Tuesday, 10 April 2018 20:20

Using moxa on St 36 zusanli to reduce chemotherapy-induced pancytopenia: a feasibility study - Beverley de Valois

Moxa on St 36 has been used for centuries in Asian medicine for strengthening the body, improving health, nourishing blood and supporting the immune system. This has implications for use during active cancer treatment, particularly chemotherapy (which destroys blood cells as well as cancer cells) to reduce toxicities and improve outcomes.

Building on published clinical observations by Staebler (2009) and Davies (2013), this study is the first step in investigating whether application of moxa on ST 36 reduces chemotherapy-induced cytopenia (neutropenia, anaemia, thrombocytopenia). It explores the feasibility of conducting this research within the NHS, teaching cancer patients undergoing chemotherapy to self-administer moxa on St 36 daily throughout the duration of their treatment. The primary outcome is adherence to daily self-administered moxibustion (measured by daily diaries. Secondary measures include blood counts, adherence to planned chemotherapy schedule, health-related quality of life, and adverse events of moxibustion. Acceptability of using moxa to cancer patients and their healthcare professionals is also explored.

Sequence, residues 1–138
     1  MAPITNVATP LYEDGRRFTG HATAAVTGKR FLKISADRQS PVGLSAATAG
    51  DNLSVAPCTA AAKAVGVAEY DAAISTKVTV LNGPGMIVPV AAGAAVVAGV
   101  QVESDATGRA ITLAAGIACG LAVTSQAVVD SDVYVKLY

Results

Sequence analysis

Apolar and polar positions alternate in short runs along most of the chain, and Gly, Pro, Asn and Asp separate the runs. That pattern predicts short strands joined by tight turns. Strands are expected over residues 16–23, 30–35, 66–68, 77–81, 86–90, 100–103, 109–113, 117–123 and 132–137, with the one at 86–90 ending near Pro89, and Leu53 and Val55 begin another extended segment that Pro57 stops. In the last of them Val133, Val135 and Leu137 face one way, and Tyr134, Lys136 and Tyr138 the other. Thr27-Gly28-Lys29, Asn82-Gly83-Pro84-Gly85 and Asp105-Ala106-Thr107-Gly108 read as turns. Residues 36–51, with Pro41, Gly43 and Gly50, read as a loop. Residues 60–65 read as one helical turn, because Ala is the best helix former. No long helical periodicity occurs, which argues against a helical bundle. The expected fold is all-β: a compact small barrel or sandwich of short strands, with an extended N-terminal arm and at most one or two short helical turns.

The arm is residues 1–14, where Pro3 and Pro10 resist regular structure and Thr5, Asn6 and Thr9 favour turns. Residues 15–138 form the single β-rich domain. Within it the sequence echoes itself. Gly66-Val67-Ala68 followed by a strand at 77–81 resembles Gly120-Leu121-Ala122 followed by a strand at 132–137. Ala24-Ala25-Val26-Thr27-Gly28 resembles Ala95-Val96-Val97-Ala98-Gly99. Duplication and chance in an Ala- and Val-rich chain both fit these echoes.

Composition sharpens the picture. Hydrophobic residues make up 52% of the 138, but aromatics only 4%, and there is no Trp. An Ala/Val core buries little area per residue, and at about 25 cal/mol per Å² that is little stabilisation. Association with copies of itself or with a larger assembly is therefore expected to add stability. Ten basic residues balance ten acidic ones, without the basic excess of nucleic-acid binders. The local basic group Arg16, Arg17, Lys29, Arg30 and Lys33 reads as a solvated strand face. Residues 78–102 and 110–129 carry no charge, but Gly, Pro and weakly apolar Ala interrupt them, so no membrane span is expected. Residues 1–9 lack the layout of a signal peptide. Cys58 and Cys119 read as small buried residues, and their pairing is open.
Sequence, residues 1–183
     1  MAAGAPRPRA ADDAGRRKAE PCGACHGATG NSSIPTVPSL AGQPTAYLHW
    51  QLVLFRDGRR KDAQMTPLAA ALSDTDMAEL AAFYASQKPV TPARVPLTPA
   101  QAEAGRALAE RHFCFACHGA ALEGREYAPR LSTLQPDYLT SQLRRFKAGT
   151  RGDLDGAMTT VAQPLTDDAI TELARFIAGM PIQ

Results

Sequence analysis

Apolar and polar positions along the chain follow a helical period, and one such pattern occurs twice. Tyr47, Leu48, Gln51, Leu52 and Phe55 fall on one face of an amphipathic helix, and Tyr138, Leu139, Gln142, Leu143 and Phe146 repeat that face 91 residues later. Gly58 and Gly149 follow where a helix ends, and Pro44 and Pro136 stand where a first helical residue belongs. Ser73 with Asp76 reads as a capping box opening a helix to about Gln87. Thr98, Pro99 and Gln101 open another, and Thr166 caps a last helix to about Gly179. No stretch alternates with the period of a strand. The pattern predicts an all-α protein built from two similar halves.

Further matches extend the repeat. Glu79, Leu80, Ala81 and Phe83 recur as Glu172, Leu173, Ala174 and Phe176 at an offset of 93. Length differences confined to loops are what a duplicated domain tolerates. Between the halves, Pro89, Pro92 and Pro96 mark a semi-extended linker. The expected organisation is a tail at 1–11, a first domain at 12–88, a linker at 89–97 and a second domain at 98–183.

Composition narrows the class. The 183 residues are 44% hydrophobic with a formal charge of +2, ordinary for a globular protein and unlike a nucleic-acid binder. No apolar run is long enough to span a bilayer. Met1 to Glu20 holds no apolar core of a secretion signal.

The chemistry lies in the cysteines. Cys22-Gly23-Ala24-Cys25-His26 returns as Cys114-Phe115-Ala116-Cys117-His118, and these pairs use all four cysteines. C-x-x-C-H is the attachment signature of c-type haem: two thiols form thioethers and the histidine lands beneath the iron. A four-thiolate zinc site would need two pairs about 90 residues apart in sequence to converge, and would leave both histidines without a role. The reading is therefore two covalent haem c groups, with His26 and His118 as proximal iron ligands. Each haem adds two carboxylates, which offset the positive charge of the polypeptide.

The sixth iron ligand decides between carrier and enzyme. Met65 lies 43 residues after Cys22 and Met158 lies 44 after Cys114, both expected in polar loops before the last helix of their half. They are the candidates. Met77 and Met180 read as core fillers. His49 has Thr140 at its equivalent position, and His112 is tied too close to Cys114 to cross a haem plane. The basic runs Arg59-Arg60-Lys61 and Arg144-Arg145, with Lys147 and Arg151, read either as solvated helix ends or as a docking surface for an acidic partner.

In this first presentation of the study results, the Principal Investigator Beverley de Valois will discuss the challenges of introducing a novel intervention into the NHS and some of the surprises that emerged during this study funded by the British Acupuncture Council.